Anna Sewell

anna sewell, author of black beauty

Anna Sewell (March 30, 1820 – April 25, 1878) was a British novelist who had only one published book — Black Beauty — to her name. She was born in Great Yarmouth, Norfolk in England, into a family that was devoutly Quaker. Anna’s mother, Mary Wright Sewell (who outlived her daughter by a few years) was herself an author of poetry and children’s books. Her father was a shopkeeper and bank clerk whose unstable income created great hardship for the family.

Anna and her brother Phillip were mainly educated at home by their mother. The family’s precarious financial situation compelled the children to stay with their grandparents from time to time, and they moved around the country frequently.

Permanent injury

At age 12, Anna began going to school for the first time after the family moved to Stoke Newington. Two years later, she fell while walking home from school and broke both of her ankles. The treatment was shoddy, and she never fully recovered. For  the rest of her life she was unable to stand or walk for very long, and endured a great deal of pain.

Anna’s declining health, in tandem with the family’s declining fortunes, compelled them to keep moving from place to place. In 1936, when she was 16, her father took a job in Brighton, hoping that its warmer climate would have a positive effect on her health. Anna followed her mother’s lead in leaving the Quaker community in favor of the Church of England.

Mary Sewall wrote a a series of children’s books with evangelical themes, and Anna helped edit them. She also worked with her mother on other social issues including abolition and temperance. Anna’s mother had long been a guiding force in her life. One of Mrs. Sewell’s books was Talks with Mamma, a collection of motherly advice she shared with Anna and her brother, Philip.

The family moved to Lancing in 1845. Anna’s health didn’t improve, so she travelled to Europe to continue to seek treatment. When she returned, she continued to follow her parents from one place to another, including Wick and Bath.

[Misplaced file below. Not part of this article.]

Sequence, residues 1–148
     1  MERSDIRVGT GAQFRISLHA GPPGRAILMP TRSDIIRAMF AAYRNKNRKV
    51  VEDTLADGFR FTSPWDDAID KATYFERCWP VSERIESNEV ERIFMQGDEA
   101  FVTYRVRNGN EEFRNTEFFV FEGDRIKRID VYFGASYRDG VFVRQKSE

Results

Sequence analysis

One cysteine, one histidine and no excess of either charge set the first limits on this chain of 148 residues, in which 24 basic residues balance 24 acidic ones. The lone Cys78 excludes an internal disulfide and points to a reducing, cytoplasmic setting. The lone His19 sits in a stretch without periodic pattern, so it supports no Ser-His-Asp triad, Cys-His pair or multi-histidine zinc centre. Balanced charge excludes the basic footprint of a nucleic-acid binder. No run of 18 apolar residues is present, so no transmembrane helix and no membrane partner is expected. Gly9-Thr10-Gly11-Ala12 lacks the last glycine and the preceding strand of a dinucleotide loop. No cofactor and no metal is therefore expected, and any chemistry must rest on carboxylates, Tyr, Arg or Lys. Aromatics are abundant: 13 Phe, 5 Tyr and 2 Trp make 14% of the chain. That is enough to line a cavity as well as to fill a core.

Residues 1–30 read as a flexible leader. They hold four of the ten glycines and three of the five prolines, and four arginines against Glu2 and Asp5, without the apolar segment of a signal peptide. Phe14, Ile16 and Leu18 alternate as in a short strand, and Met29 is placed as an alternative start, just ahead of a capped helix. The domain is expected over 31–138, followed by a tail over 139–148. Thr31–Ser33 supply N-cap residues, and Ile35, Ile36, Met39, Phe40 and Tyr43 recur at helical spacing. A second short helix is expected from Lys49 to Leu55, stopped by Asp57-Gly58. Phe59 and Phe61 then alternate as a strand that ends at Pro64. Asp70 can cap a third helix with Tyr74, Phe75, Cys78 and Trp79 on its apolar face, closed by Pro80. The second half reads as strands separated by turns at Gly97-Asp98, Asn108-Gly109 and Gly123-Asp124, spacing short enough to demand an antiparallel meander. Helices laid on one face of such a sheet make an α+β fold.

Illustration by Vackrav Svarten from Black Beauty by Anna Sewall

Quotes from Black Beauty by Anna Sewell


Black Beauty

Having become dependent on horse-drawn carriages to get around, Anna developed an empathy for horses. She grew to love them and cared deeply about their treatment, as well as that of all of animals. The inhumane treatment of horses she observed inspired her to write Black Beauty. She worked it between the years of 1871 and 1877, already in her fifties. By then she was in such poor health that she was hardly able to leave her bed. She had such difficulty writing that she was compelled to dictate it to her mother.

Anna hadn’t intended Black Beauty as a children’s book; rather, she wrote it for those who owned or worked with horses, “to induce kindness, sympathy, and an understanding treatment …” The story especially denounced the use of the bearing-rein and was warmly recommended by the Royal Society for the Prevention of Cruelty to Animals.

Going beyond its original purpose, the book also conveyed practical insight into humane training practices for colts, stable management, and animal husbandry. A unique feature of the story is that it’s told from the horse’s perspective; it was originally subtitled The Autobiography of a Horse. It begins in a charming fashion: